Chasing the moon, Bill Nye is everywhere, and Elon Musk’s wizard hat

Welcome to the Hurt Your Brain internet playlist from April 23, 2017. It’s a collection of podcasts, videos, and other links for people who love to learn online and are fascinated by the world. Click here to get playlists emailed to you as they come out.


Fact of the week: This week marks the 2770th birthday of the founding of Rome. Via r/history.


Every Little Thing: Rapture Chasers 24 minutes
This is Gimlet’s replacement to Surprisingly Awesome, which already one episode in has gotten me more excited about the topic that SA ever did. This episode will totally make you Google “nearest place to see solar eclipse”, regardless of how much you think you care about seeing one before listening. Quote: “Can you believe you saw Ghaddafi? You go to Libya once and you see Ghaddafi?!”, “Well, during total solar eclipses remarkable things happen.”

Cosmic Vertigo: Black Holes Don’t Suck 31 minutes
Falling past the event horizon of a supermassive black hole is downright pleasant compared to doing so with a small black hole. Find out why and all sorts of other fun black hole talk in this episode.

20 Thousand Hertz: Foley 15 minutes
The unsung heroes of sound in film and TV who go out of their way to make sure you never think about their existence.

Pessimist Archive: The Good Ol Days 34 minutes
When exactly were the good ol days? This tendency to have nostalgia for the past is certainly not a new phenomena. A pretty fantastic new podcast, The Pessimist Archive examines this question to find that nostalgia narratives literally goes back to the beginning of written history.

+ If you like this topic, check out Vsauce’s Juvenoia for an examination of the “kids these days” attitude that every generation seems to have.

How it Began: Horsepower 25 minutes
I love me a good big picture kind of book or podcast. This is the type of show where someone really smart synthesizes a bunch of complicated history into an easy to follow narrative. Learn things in this episode like that the first viable steam engine was invented all the back in 1712 as a way to pump water out of coal mines.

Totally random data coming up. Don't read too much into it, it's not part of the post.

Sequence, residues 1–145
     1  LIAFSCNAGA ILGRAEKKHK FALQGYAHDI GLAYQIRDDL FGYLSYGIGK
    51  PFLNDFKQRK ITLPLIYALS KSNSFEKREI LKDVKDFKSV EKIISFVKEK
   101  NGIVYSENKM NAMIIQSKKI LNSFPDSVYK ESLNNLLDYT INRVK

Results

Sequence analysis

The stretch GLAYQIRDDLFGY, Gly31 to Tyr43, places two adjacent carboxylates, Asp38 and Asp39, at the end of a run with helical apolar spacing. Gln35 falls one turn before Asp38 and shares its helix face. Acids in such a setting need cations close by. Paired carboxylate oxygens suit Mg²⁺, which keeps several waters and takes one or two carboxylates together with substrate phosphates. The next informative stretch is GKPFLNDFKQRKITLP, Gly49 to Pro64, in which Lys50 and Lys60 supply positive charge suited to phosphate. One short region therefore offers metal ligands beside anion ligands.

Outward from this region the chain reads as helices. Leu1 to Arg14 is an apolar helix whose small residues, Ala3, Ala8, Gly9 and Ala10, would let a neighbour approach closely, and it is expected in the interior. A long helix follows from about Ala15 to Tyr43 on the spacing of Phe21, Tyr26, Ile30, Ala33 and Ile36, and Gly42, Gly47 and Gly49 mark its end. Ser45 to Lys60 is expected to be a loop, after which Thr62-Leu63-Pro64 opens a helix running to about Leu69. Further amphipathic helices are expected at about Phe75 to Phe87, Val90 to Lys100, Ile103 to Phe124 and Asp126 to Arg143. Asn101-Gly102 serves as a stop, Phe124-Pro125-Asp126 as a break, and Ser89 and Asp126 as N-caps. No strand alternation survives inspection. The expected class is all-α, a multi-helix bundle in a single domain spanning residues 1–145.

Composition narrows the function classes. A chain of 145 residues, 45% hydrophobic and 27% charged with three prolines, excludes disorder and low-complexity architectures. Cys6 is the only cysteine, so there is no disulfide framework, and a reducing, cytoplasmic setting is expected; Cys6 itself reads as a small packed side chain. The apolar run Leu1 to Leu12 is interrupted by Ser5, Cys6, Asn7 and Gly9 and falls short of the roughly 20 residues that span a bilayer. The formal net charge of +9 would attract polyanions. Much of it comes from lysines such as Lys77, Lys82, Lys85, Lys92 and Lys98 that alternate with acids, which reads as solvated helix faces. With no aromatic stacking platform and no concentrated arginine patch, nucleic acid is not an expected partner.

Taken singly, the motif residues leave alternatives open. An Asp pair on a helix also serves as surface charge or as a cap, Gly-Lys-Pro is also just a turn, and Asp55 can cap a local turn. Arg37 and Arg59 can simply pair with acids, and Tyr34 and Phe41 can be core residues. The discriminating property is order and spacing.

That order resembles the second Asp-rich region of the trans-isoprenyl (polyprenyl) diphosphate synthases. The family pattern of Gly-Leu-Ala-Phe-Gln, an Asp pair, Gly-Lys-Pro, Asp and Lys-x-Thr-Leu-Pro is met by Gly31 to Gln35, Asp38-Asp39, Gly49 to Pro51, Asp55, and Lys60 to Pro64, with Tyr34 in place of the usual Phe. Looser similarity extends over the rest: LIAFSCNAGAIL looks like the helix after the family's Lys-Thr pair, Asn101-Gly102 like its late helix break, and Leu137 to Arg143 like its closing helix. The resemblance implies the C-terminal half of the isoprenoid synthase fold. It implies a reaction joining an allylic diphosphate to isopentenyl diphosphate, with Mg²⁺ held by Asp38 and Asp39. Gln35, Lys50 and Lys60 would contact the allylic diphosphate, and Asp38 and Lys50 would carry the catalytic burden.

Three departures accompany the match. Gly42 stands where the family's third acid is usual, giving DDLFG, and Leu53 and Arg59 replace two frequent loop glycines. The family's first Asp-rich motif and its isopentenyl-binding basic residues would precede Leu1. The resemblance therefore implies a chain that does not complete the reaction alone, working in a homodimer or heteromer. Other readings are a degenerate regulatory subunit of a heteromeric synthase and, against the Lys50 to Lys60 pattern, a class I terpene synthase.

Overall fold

+ For two very complementary shows, check out Pessimist Archive’s Horseless Carriage and You Are Not so Smart’s Is Progress Inevitable?



Bill Nye Saves the World: Trailer 1 minute
Everyone in my generation has memories during high school science class where the teacher would simply pop in a video of Bill Nye the Science Guy and then basically go nap in the back. Nye was everywhere those days and then seemed to disappear. In the last couple of years I’ve noticed him popping up all over the place again, and now he has a new show on Netflix that’s part talk show, part zany “the science guy” type experiments, and part reporting via field correspondents. I checked out the first episode on climate change and I actually liked it the more I watched it.

White Blood Cell Chases Bacteria 1 minute
In honor of everyone else who has had some kind of cold or other illness recently, here’s a highly satisfying short video of a white blood cell chasing down a bacteria pacman style.

+ This immune system explainer from the always good Kurzgesagt.



Quartz: Data shows that using science in an argument just makes people more partisan
“Perhaps Kahan’s most disconcerting finding is that people with more scientific intelligence are the quickest to align themselves politically on subjects they don’t know anything about.”

Wait But Why: Neuralink and the Brain’s Magical Future
I’m only half way through this beast of a post, but if you want to learn a lot about how the brain works and what Elon Musk’s newest venture is all about, this is your one stop shop. #superlongread

From Medium:
Free Code Camp: 9 Legit Master’s Degrees You Can Now Earn Completely Online
“But how do you find legit masters degree programs in a sea of mediocre programs and outright scams? By going straight to some of the best universities on the planet.”

From Reddit:
Explain it like I’m five:  Why do antidepressants cause suicidal ideation?
Some great explanations in the comments.

Subscribe to:
Eric Barker’s Barking up the Wrong Tree blog. Get science backed answers to all sorts of interesting life questions.

Quote: “The difference between who you are now and who you were five years ago is largely due to how you’ve spent your time along the way.” – Seth Godin


That’s all for this week!

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